Everyone mourns the loss of a child differently. At least that is what the counselor had told them so long ago. Helen couldn’t help the resentment she felt toward Sam about the way he moved on. To her, she would never give up hope but Sam had long ago written Sophie off. He refused to even speak her name or take a chance on new leads that came over the years with her case after that first year she was gone. To save their marriage, Helen had adapted to his methods. She had Cora to think about. Cora was one of those souls who watched to see what she could do for others, someone who would rather serve in silence. A kind and generous person.

Her step-son Shane was a different beast altogether. He’d been unruly from the start. A difficult child and a destructive one. Helen attributed it to three things. The way his mother coddled him, the way his father, Sam, treated him more like a best friend than a parent and Sophie’s disappearance. Those three things seemed to shape him over the years into a handsome man who was always on edge and had a temper.

“What’s for dinner, love?” Sam asked. He held her hand, brushed his thumb over her knuckles and looked at her as if she were his entire world.

“I don’t know. I thought maybe we could go out,” Helen answered.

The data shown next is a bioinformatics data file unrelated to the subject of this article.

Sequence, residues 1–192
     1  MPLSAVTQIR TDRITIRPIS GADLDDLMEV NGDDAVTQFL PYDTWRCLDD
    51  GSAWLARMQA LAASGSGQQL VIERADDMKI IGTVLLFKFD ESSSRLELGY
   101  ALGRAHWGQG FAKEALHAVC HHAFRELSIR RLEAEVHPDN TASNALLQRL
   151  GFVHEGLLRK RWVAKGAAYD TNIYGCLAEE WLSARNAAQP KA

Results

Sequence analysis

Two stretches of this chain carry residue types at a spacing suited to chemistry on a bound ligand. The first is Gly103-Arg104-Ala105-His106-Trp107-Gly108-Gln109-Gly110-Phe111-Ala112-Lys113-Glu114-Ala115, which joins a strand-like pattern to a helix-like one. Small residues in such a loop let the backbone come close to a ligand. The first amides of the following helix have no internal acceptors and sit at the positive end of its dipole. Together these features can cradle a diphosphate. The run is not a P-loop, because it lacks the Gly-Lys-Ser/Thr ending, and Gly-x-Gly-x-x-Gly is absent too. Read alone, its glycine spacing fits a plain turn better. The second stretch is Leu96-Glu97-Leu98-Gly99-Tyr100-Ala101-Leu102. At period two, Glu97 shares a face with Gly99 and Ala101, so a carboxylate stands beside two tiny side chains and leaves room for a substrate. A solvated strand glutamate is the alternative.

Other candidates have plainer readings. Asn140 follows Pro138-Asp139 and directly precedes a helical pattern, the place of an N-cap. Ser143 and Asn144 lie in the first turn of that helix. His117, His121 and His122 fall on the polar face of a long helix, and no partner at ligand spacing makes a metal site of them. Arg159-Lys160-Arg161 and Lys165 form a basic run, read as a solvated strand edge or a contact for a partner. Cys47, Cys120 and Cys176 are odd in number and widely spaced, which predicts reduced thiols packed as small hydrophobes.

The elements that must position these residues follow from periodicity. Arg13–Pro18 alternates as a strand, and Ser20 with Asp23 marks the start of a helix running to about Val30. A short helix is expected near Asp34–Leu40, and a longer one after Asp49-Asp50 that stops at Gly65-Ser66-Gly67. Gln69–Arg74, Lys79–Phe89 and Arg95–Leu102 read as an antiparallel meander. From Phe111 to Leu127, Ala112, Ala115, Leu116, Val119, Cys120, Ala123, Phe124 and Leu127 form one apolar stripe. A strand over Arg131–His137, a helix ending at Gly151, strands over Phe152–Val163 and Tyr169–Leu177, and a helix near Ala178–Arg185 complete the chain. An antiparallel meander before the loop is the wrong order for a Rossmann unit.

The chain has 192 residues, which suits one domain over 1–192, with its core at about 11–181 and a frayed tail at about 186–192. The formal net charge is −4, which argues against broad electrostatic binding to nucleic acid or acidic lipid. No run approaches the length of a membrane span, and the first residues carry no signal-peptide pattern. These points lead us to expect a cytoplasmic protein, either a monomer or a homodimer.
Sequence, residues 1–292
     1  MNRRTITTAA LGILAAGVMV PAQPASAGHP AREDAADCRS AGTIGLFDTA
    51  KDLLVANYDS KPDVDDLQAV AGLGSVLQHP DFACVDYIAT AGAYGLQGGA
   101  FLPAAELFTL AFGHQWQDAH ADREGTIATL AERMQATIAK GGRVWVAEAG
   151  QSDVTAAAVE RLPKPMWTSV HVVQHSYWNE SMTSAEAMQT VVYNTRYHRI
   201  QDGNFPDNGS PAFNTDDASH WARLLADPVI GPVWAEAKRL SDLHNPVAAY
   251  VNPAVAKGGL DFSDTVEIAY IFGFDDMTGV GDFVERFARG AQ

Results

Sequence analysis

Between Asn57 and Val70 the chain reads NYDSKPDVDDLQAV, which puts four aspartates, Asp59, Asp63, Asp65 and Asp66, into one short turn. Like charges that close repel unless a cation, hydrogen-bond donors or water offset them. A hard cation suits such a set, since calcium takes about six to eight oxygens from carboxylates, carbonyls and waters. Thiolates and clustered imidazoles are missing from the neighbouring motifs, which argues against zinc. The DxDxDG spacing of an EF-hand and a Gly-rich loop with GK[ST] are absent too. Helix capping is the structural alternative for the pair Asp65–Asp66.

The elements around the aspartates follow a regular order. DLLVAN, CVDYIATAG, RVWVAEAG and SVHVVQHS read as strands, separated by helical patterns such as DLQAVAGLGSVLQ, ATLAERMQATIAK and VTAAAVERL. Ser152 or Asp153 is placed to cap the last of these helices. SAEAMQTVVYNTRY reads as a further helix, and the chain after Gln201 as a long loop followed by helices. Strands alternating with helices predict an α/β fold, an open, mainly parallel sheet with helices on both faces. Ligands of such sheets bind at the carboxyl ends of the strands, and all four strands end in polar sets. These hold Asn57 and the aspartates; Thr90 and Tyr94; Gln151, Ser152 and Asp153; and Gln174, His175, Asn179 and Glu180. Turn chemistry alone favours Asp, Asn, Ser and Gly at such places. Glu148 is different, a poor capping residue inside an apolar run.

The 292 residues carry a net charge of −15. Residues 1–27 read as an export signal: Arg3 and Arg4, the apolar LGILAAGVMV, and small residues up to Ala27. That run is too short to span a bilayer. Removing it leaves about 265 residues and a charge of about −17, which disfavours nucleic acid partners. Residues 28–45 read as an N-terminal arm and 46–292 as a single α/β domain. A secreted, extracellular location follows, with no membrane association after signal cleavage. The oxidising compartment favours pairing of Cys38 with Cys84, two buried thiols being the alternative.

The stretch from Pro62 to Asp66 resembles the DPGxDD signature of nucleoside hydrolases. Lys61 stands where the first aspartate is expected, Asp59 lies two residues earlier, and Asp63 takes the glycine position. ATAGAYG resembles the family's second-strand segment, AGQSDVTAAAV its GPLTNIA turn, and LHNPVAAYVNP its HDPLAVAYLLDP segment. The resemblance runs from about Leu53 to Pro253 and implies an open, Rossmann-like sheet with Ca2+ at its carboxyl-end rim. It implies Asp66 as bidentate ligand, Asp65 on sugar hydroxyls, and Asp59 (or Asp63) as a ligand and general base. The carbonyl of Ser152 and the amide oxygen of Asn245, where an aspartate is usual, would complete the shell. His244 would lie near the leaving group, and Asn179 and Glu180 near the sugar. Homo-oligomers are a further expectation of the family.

Sam smiled and nodded. “Sure. Let me change and we can head out. Any hankerings?”

“Mexican,” Helen said. Sam beamed at her. He loved Mexican food and she knew it would please him that she suggested it. No matter how strange their relationship was now, she still tried. And that was what mattered in the end right?

That they never stopped trying.

Sam leaned in and kissed her softly. His salty lips made her laugh. He was always snacking on salted peanuts on his drive home from work.

K. Larsen (subject to change)

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Imposter- Thriller


July 11, 2016

“I was never really loved. I guess that’s where it began. My mother wasn’t a mother, more like someone who just used me when it was convenient for her. I wasn’t wanted so what did it matter?” Ava thought about how her mother used to leave her at the Hannaford when she was little. She’d just walk in, take Ava to the bakery section for a free cookie then leave. The lady at the bakery never called the police on her mother. Or anyone else. And after a while, she took Ava in-kinda-sorta. Ava would go behind the counter, have all the free cookies she wanted and watch as Big Peggy whipped up treats for the display cases.

“Go on,” Dr. White urged.

“I’m not a slug you know. I would have worked more, but it’s hard to get a work permit signed by your parent when you haven’t seen them. I tried to do better. I tried to help out.”